John Steinbeck always makes me restless. It doesn’t matter how completely contented I am in my life. It doesn’t matter how settled I think I am, John Steinbeck calls me to wander. Earnest Hemingway always makes me crave cold white wine and oysters, or beer, bread, and sausage. Reading him, I want to wander through late-night streets, in and out of cafes, watching the crowds go by. There is an energy to every author that gives his writing a soul, and that energy affects me.

I’m too easily attracted to change. I’ve been moving furniture these past few weeks, in an attempt to freshen up the look of my house, I have an appointment with a stylist to chop off and darken all my long, blond hair. I still love the “I drink way too much coffee, read a lot, and don’t sleep,” look from high-school, combined with “I’m only not a hippie because I have a job and don’t smoke pot” look (also from high-school), and my defaut - "I just got off the boat" look, but I’ve never been able to limit myself to a style, in life or in fashion. The world is too full of variety, and the writers I love have too much influence on my inclinations. When I finish Steinbeck, I’m moving on to Seamus Heany. I wonder where he will take me.

Wednesday, July 25, 2012

Truth, Lies, Fact, and Fiction

“She says miracles aren’t allowed in fiction and makes other statements of a like nature. I haven’t read it…I am really only interested in a fiction of miracles.”
~Flannery O Connor

We've discussed art as truth here before, but I want to revisit it, in a more focused way. Jenna's post on Monday brought my mind around to truth and fact in fiction.  Flannery O Connor’s writing is often dark. Darker, at least, than much of the fiction we would call “a fiction of miracles”. We like miracles of light, we like a supernatural world of sweet baby angels and gentle spirits. In her tales the miracles are so Catholic they’re almost pagan - dark and dangerous and hidden. Modern miracles in a modern world, but with the taste of something primitive. A friend once told me that she “doesn’t read fiction because [she] likes to learn something” from her books, and fiction, not being factual, can’t teach. I was devastated - how do you not learn from fiction?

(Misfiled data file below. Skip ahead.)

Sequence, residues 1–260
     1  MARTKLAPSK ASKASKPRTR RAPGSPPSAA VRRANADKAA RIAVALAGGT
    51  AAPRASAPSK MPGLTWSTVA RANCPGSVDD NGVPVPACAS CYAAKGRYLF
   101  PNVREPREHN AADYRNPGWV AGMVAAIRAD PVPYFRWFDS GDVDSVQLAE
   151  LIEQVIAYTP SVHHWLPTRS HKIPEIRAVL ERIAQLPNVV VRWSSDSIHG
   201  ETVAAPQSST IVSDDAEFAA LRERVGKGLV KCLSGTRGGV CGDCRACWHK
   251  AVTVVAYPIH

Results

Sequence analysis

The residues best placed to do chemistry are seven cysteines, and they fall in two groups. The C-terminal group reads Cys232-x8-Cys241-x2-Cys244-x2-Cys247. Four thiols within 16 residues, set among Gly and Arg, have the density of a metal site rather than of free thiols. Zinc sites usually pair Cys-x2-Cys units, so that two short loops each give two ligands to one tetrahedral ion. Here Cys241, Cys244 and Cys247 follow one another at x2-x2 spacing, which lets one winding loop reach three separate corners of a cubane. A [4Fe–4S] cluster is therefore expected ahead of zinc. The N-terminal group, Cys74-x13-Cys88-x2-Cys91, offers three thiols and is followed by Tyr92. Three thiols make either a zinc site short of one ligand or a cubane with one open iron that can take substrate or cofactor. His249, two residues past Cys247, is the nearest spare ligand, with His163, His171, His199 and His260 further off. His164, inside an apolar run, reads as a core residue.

Part of the trouble is our relationship to truth. We tend to equate truth with fact. If something is true, it must also be factual. And so fiction is troubling to us - it is often too obviously true, while being just as obviously not factual. But how do we who believe in the truth of fiction, particularly the fiction of miracles, explain the truth that exists outside of fact?

I suppose I should spend some time defining my terms first of all, because definitions are often a huge stumbling block in discussions. By truth, I am referring to the foundation on which reality is based. It encompasses reality, but is not bound by it, and because of that there are many things that are true without being factual. Facts, the provable bits of reality are true, but so are the unprovable bits - miracles, dreams, and visions; and, more important for our discussion, so are many of the fictional stories, existing outside the factual world, but within the world of truth.

“To get back to the accurate naming of the things of God…The only way I can explain that is by repeating that I think evil is the defective use of good. Perhaps you do too..”
        ~Flannery O Connor

And that is the trouble - the defective use of the good is often harder to detect than an out and out bad would be. Subtle failings can be more seductive and more damaging than obvious flaws. Fiction should be true, not cluttered with half-truths and tiny lies. Beautiful, good, and full of mystery.

Tuesday, July 24, 2012

Simplify, Simplify

Recently, I found a fantastic list of suggestions for simplifying life. We aren’t in any way pursuing a minimalist lifestyle, but rather a sort of extravagant simplicity, and many of the recommendations were things we knew in an intellectual sense, but hadn’t really incorporated into our life. I’m feeling particularly driven toward simplifying our lifestyle - toward deepening my commitment to living passionately and intentionally in the world. One of the first steps in this pursuit is a purge. We are purging our home of unwanted excesses (the wanted ones will stay forever) this weekend, when the humidity breaks. A huge part of that purge for me, will be primarily a great clearing out of clothing and papers.

As much as I love tossing things, really cleaning out is difficult. I'm full of good intentions, and full of excuses. But slowly, slowly we'll be clearing out, not only the house, but the shed and the piles and piles of papers - no longer relevant. Reducing distractions until, hopefully, life is filled only with the beautiful, the useful, and the loved.